Talent Management Public Policy Issue: Should we make regular use of temporary foreign workers?

A recent article in the Vancouver Sun (20 April, 2011, “Are there too many foreign workers?”, by David Green, page A11) argues that Canada should be more reluctant to make use of temporary foreign workers (TFW) to meet talent shortages in the Canadian economy. David is an economics professor at UBC and an associate of the Canadian Centre for Policy alternatives (often thought of a left of centre counter research organization to the Fraser Institute). Davids concerns and arguement include:

  • The remarkable growth and reliance on TFW since 2004 (from 112,543 [2004]to 192,281 [2008] a 57% increase.
  • Canada admits close to 3* TFW as it does immigrants under the conventional “Economic class”.
  • The remarkable increase in “Elemental and Labourers” from 2005 to 2009 is 400%.
  • The list of TFW eligible occupations in Alberta and BC include janitors and food counter workers.
  • The moderating/depressing effect on wages by using so many TFW. Apparently real wages for high school or less educated workers starting a new job declined by about 20% between 1980 and the mid 2000s. Why should we support this situation  – the economy won’t stop if their wages rise.
  • The tenuous nature of labour rights for TFW.
  • Bringing in skilled workers (e.g., pipefitters and carpenters) reduces the ROI of investing in those occupations.
  • These consequences and concerns mean that we should have much more of a public debate on the policy and practices.

There are any number of places to begin to comment on Green’s argumentation and concerns. First though, I agree that if there are wide spread concerns about any public policy it is reasonable to ask that they be debated.

My main concern is there is a lot of supposition without any sense of evidence to support several of the claims (there may be evidence but it is not alluded to to) in the areas of reduce ROI on investing in skilling up people, how systemic or serious are TFW being exploited or abused (yes I have read the various press exposes on the subject – so I acknowledge that it apparently happens). The connection to using TFW in low skill occupations resulting in a 20% reduction in real wages (over 20years) seems a stretch given that many other factors could be at play and fully explain this result.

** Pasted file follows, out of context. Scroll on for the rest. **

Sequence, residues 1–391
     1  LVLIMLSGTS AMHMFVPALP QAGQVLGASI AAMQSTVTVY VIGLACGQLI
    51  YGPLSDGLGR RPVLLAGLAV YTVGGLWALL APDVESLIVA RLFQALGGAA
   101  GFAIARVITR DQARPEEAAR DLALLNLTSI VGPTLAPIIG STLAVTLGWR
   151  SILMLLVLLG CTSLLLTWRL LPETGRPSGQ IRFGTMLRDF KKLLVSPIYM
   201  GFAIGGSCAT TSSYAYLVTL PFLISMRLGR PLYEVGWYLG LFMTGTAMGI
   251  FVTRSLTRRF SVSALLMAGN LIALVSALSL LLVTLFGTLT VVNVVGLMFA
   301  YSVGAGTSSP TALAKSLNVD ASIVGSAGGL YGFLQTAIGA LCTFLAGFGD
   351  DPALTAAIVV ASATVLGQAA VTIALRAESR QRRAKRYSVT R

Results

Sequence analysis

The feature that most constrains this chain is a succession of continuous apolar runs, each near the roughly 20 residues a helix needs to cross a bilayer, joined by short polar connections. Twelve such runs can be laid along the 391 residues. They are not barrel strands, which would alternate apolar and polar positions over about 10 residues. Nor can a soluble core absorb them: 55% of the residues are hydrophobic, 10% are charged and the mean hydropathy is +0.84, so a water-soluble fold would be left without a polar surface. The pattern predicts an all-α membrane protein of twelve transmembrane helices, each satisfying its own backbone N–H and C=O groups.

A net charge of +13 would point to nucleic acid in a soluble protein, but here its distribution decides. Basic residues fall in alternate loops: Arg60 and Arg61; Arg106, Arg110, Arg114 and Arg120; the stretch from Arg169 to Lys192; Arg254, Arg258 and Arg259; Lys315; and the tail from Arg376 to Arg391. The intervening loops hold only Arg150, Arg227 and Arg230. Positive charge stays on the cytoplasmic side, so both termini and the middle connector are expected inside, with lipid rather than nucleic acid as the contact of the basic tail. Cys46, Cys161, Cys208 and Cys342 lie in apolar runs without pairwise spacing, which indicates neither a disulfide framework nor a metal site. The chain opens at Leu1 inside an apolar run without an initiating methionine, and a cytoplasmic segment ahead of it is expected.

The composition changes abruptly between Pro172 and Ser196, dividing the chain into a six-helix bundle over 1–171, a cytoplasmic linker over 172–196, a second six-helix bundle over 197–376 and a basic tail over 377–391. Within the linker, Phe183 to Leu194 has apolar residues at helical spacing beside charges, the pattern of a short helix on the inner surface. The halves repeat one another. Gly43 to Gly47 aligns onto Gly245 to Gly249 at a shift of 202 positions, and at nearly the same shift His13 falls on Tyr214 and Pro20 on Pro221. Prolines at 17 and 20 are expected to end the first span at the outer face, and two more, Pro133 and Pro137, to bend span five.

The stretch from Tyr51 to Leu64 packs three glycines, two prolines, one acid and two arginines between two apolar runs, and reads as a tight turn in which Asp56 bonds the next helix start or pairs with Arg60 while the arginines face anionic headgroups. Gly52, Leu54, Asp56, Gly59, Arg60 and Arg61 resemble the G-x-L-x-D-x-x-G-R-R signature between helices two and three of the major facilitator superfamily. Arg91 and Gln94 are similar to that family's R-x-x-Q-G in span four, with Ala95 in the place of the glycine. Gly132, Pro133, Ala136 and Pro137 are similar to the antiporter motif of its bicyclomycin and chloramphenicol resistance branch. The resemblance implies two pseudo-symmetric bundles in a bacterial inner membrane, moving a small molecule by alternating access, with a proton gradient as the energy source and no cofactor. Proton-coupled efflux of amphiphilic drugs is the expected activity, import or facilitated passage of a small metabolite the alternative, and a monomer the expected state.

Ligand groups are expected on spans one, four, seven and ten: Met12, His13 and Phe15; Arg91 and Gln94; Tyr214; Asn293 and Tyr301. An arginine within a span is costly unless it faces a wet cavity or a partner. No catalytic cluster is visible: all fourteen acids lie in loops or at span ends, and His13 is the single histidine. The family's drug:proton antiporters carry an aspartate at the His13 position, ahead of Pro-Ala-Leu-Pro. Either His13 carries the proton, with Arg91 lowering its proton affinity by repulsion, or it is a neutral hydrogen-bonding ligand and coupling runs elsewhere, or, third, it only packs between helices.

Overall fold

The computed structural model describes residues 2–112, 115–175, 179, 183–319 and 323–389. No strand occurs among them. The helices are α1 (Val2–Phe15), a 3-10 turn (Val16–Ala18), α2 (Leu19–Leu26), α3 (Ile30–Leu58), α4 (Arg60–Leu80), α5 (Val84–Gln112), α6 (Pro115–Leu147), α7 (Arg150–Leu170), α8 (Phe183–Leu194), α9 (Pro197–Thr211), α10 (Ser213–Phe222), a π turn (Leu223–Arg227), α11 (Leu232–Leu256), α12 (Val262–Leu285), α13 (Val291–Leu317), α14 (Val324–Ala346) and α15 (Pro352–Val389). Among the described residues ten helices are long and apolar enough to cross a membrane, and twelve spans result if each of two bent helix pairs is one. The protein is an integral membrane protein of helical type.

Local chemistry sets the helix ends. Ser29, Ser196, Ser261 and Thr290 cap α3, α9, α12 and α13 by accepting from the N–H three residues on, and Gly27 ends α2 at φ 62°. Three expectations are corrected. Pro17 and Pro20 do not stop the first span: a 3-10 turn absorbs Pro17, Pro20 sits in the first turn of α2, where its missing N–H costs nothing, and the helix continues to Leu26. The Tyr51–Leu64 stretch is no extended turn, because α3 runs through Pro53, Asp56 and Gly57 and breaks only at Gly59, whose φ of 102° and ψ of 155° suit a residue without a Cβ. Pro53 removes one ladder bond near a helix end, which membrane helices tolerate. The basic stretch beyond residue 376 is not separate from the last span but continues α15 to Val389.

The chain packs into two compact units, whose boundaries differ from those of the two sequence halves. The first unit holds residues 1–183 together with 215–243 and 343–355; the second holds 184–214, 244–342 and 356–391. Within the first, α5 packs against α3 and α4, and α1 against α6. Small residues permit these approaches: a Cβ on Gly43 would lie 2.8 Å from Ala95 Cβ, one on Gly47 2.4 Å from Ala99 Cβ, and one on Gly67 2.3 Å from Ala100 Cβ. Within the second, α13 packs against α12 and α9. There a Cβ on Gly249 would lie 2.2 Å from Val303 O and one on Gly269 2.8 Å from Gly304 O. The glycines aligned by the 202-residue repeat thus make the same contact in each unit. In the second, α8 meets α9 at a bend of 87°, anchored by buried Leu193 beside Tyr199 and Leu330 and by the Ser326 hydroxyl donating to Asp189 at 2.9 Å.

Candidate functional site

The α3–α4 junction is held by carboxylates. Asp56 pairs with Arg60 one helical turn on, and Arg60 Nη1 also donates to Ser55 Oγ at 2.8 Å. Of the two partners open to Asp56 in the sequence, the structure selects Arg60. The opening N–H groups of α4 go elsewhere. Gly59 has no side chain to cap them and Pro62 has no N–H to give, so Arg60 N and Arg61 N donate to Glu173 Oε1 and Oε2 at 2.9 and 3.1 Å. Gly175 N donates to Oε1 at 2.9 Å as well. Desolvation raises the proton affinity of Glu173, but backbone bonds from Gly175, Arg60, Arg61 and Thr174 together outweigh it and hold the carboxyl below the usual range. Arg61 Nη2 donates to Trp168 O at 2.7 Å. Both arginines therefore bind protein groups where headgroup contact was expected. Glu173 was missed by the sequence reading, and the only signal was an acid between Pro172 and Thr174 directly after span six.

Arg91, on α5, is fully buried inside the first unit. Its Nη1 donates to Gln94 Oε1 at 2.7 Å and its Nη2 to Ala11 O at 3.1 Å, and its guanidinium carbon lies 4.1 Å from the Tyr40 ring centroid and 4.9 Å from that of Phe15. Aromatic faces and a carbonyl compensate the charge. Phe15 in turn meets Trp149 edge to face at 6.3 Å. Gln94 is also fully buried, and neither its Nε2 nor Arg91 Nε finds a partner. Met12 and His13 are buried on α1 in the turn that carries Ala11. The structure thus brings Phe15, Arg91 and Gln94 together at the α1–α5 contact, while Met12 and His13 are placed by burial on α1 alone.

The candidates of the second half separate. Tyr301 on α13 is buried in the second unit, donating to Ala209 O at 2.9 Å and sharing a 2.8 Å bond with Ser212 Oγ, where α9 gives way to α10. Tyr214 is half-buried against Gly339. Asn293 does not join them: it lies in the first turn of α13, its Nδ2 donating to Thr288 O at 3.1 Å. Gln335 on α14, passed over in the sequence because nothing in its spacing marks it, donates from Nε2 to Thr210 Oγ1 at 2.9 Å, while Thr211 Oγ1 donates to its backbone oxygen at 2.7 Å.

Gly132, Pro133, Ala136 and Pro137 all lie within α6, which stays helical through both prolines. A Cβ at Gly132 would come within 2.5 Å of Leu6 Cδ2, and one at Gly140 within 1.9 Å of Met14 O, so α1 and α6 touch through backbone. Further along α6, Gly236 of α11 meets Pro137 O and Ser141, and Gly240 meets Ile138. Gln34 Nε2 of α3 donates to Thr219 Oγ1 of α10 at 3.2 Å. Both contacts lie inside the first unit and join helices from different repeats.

My main interest in this subject is that as a TM consultant I have the propensity to recommend to my clients that when they have a significant TM uncertainty and risk issue in their organization there is a prudent practice of having at least three active strategies to “cover it”. There will be a primary strategy (expected to deal with at least 80% of the concerns and two companion strategies that enable the client to deal with the unexpected and the volatility in the market place and/or the level of talent related activity within the organization.

Use of TFW is an option that can be used for any of the three strategies. I am aware of a number of occupations (often low skilled) that cannot be filled (especially in the food production and hospitality type industries. I recall with some irony the fuss a couple of years ago within the USA about the number of illegal Mexicans in the country. There was much posturing and histrionics spouted for several months until it became well understood that the agriculture business in California would virtually come to a standstill if all the illegals were sent packing. So having lower paying occupations go unfilled may not bring the country to its knees, but it can decimate an industry or local economy.

Any change to a public policy should be done with full appreciation for the primary, secondary and tertiary consequences. And to suggest that we should encourage increases in costs due to policy induced resource restrictions should never be taken lightly. Let those who would be on the receiving side of the impacts have some voice too.


About 123stilllearning456

As a management consultant I am passionately interested in talent management and risk/uncertainty issues. In the area of talent management I propose that we seek strategies that look beyond the staffing/employee centric frames of reference. I have been frustrated at the "closing down on possibilities" by these more conventional staffing/employee centric approaches. I have been impressed where people have found systematic solutions to their talent management issues by going beyond the conventional approaches. In the area of risk and uncertainty, I am interested in making this topic relevant to more normal decision making situations. My conceptual foundation is to use the micro-economist's fixed/variable cost theme. I also think it is important to look at these issues for people through their emotional and psychological lens. As a premise I think risk and uncertainty only exist where there is a person who cares about possible events and its consequences. Hence, risk and uncertainty are social based concepts (no sentience, no risk and uncertainty). A major influence on my thinking in this area is Nassim Taleb of "Black Swan" fame. This BLOG provides me with an opportunity to express my thoughts on topics that interest me. As this is an online diary, content is more important to me than polish. I apologize if this distracts from readers' enjoyment and learning. Still I find this a useful way to live up to my namesake, learn more from others and hopefully provoke creative thoughts and ideas in others.
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